Two completely different spheres have my thoughts overlapping like a Venn diagram. A recent interview with Arianna Huffington in the Financial Post and links from the Law Librarian Blog (among many other sources) showing an Inside Look at the WestlawNext and "New Lexis" Platforms.
Both these articles touch on monetization of web delivered services and how content producers may reap the rewards of their labours.
The Huffington Post model:
The Huffington Post is committed to the link economy and our business model is advertising-supported. The Greek philosopher Herodotus … said you cannot enter into the same river twice, and I think we need to acknowledge that there are changes in consumer habits, for example, that are here to stay. In a way, it's a golden age for consumers: They can go on the Internet, go from site to site, go into greater depths by following links and have everything at their fingertips and also participate … be empowered themselves to not just consume news, but share news, develop a story themselves. The idea of walled gardens or micropayments, unless it's for very specialized information, I think goes against the trend in consumer habits and the link economy.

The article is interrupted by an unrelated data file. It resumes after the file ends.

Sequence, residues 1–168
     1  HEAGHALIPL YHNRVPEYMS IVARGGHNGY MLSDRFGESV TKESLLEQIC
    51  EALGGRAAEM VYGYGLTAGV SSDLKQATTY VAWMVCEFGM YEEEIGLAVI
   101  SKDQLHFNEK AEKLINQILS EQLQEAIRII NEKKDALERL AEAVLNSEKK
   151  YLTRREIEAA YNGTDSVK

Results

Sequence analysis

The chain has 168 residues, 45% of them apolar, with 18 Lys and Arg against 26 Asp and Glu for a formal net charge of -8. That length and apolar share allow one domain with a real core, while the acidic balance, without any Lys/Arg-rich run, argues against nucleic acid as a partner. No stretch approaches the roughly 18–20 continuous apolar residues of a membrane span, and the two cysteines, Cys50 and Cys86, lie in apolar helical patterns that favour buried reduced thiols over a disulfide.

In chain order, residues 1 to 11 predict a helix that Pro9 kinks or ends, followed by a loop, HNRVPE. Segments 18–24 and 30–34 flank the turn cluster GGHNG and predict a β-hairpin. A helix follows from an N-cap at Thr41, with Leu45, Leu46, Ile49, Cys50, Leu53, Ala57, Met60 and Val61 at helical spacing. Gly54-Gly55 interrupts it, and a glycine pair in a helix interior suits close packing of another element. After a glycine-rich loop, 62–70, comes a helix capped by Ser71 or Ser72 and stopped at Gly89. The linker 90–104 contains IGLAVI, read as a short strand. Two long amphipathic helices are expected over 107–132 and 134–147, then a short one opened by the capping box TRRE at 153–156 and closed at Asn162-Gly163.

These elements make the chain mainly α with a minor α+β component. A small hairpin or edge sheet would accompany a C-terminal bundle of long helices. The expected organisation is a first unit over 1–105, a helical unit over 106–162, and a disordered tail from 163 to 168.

And Jill Schachner Chanen, quoted at LLB, from an ABA article:
As of late December, West had not priced its new platform, but the company said when the platform is launched it will only be available as an upgrade. LexisNexis had not determined its pricing, but company representatives said many of the features on the new platform might be made available on an a la carte basis.
There are many ways to deliver valued content. Consumer expectations are being reshaped daily. It is the responsibility of content providers to deliver a marketable product that meets the needs of their niche of consumers. I am sure that a reliable crystal ball manufacturer would come in handy for all of us right about now. The next few years will be very interesting.